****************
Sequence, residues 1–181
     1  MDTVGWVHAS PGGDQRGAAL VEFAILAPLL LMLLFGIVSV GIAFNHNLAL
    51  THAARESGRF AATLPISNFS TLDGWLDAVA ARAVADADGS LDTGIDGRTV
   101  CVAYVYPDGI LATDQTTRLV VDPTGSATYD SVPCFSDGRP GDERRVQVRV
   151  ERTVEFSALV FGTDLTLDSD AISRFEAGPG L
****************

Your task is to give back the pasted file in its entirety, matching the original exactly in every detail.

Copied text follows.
Sequence, residues 1–181
     1  MDTVGWVHAS PGGDQRGAAL VEFAILAPLL LMLLFGIVSV GIAFNHNLAL
    51  THAARESGRF AATLPISNFS TLDGWLDAVA ARAVADADGS LDTGIDGRTV
   101  CVAYVYPDGI LATDQTTRLV VDPTGSATYD SVPCFSDGRP GDERRVQVRV
   151  ERTVEFSALV FGTDLTLDSD AISRFEAGPG L